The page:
Director of Development & Alumni Engagement and former Director of Programs, Kristin Zosa Puleo, handing off the honorary gavel to Director of Leadership Development, Teresa DeFlitch, during the Sigma II government session day

The historian in me loves the history of the Core Program and the different traditions, activities, and themes that have impacted so many over the years. It’s an honor to continue these traditions, but also exciting to consider adjustments that we think will make the program even more transformative. For example, we shifted the usual chronology of the days (i.e. economic development is now the final session, rather than the first) to create a sequence that we think will allow for more connectivity from one session to the next. The adjusted framework also includes unit concepts, such as sessions rooted in history and context, as a means of better understanding the present, or a focus on systems thinking. We are also experimenting with emergence (a systems concept), paying close attention to what emerges from the group and being responsive to such emergence, whether through customized enhancements or the way we structure activities during session days. Another addition is a network mapping component, in which we are using different digital tools to document and visualize the Sigma II community over time. Not only will this provide us and class members insights into how they are connecting so that we can effectively nurture the community, but it also allows us to talk more about impact networks, which we think will lead to better ways we can support class members to take action.


You recently moved to Rhode Island after 10 years in Pittsburgh. What made you fall in love with RI, and what is one place every Rhode Islander should visit the next time they’re in Pittsburgh?

I blame an Evian bottled water advertisement that I ripped from a magazine in my early teens (and still have). It features a woman piloting a sailboat, stars bright behind her, the wind in her hair, and off to the side it reads – Stargazer: A life can be guided by many things. What is fleeting and artificial, or what is eternal and natural. Truth is, I wanted to be a fisherman. Putting aside the embarrassingly romantic nature of such a dream and the fact I get terribly seasick, I have always been drawn to the sea and how amazingly elemental it is, so it’s not surprising I ended up in a place known as the Ocean State. After spending a summer interning at the Newport Historical Society and learning more about Rhode Island history overall, I was hooked, and I knew one day I would call this place home.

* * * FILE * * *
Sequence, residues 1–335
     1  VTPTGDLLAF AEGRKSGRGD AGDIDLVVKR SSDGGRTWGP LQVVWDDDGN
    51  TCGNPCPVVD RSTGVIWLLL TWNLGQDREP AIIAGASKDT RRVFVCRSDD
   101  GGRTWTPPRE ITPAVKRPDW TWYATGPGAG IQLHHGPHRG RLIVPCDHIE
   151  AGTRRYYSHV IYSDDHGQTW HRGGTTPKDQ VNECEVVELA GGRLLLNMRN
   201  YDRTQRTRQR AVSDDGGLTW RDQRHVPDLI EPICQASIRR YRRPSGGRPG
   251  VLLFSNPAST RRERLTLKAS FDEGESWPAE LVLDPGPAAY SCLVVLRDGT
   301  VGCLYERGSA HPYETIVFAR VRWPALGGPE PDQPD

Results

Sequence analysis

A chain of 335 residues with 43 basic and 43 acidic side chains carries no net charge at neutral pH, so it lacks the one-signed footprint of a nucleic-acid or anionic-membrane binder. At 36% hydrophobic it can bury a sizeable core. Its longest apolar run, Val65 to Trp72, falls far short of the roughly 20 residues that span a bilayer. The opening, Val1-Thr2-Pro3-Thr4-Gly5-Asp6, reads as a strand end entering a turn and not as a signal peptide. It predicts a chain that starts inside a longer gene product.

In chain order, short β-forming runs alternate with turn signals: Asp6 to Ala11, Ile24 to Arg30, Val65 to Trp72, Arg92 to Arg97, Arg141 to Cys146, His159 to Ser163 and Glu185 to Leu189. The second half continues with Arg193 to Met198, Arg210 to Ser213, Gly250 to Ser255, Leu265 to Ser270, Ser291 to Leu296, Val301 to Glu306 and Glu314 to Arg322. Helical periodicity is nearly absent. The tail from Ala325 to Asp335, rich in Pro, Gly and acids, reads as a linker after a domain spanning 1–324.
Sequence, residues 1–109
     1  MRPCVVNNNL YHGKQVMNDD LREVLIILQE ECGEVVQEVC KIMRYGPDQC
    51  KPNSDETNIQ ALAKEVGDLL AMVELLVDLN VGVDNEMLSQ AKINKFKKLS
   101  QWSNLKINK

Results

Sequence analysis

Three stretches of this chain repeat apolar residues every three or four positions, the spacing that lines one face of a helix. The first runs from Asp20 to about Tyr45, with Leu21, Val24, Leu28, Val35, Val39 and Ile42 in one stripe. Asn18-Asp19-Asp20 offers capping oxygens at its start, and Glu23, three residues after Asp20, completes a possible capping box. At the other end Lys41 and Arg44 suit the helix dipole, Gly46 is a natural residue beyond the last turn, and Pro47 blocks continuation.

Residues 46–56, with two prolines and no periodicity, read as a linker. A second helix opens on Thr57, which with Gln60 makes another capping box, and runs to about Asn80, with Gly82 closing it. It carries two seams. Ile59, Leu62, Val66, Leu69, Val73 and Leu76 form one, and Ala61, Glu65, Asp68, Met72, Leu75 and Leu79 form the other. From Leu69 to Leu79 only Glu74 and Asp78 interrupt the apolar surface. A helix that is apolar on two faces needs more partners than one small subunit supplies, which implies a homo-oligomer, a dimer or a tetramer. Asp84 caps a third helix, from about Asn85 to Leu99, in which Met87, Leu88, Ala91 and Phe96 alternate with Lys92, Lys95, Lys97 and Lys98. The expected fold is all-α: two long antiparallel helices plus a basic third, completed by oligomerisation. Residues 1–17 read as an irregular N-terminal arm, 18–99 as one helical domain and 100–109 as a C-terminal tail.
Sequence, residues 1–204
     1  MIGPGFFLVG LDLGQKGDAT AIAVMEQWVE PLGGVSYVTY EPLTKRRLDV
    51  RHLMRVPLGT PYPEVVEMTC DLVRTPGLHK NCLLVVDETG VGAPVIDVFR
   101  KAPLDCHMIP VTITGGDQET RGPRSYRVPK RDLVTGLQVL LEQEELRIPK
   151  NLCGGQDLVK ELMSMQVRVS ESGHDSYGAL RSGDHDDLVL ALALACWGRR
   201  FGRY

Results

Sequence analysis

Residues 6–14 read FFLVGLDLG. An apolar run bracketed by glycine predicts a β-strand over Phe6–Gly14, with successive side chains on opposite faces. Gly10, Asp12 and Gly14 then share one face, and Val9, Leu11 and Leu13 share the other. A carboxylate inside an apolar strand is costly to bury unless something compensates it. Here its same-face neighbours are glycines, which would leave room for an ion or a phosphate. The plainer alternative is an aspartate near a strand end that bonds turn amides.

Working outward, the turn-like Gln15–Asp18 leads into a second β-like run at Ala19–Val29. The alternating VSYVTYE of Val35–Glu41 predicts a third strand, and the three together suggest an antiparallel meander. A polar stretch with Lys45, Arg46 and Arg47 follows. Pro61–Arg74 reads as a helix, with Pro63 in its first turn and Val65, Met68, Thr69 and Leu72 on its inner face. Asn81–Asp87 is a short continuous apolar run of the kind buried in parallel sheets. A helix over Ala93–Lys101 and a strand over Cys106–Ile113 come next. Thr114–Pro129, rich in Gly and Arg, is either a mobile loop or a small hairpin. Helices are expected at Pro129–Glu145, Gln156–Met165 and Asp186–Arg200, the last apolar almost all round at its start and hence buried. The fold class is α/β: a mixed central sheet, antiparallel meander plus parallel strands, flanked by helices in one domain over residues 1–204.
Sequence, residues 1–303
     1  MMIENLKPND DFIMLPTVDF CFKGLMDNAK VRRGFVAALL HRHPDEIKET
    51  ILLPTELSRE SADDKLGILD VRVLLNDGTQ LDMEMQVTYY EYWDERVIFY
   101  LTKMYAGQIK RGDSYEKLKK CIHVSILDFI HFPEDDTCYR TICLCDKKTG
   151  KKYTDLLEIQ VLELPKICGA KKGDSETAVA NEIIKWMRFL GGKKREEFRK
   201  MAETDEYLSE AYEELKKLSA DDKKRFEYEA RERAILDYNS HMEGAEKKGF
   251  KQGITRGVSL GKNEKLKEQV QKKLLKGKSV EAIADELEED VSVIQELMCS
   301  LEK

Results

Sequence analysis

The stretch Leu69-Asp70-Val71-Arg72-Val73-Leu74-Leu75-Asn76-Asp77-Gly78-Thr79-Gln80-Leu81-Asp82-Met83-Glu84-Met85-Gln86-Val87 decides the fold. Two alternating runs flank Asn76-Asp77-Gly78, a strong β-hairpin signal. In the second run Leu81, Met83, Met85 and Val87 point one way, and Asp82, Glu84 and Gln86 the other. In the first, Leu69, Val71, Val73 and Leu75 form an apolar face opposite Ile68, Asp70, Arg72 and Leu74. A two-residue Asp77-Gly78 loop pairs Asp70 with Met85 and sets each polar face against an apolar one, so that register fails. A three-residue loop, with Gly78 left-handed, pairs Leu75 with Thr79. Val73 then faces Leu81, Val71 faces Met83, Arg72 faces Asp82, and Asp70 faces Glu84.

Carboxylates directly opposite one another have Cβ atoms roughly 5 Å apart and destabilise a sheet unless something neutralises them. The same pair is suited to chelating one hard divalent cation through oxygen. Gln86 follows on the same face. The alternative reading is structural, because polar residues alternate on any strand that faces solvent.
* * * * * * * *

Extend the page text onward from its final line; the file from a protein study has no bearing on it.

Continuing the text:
Pittsburgh is a fantastic city! Take a tour of the Carrie Blast Furnaces. Situated along the Monongahela River, the Carrie Furnaces, which were a part of the Homestead Steel Works, are a rare example of pre-World War II industrial iron furnaces and speak to the dominance of Pittsburgh in the steel industry. It’s a powerful place. I must also recommend stopping by Wigle Whiskey, where I used to work. Order a glass of Pennsylvania “Monongahela” Rye whiskey, a style of rye that once dominated whiskey drinking in America so much so it’s referenced in Moby Dick, which brings me back to the sea, and my new found home in Rhode Island. 


What are you most looking forward to in 2022?

Teresa with her husband Rick and son Silas searching from mushrooms in the woods

I’m excited to graduate the Sigma IIs, my first full year Core Program class, and to share more learning and laughter with my Leadership Development teammates Kim and Sam, as well as the entire LRI team. On the homefront, my son Silas is a young mycologist and ornithologist, so a glorious spring of foraging and bird spotting is on the horizon. I’m also looking forward to continuing my journey to becoming certified as a mindfulness teacher, and I have my heart set on learning archery. I’d say I’d love to learn how to sail, but I’m not sure I’ll ever get past my seasickness, so I’ll just have to lean into the wind from the shore.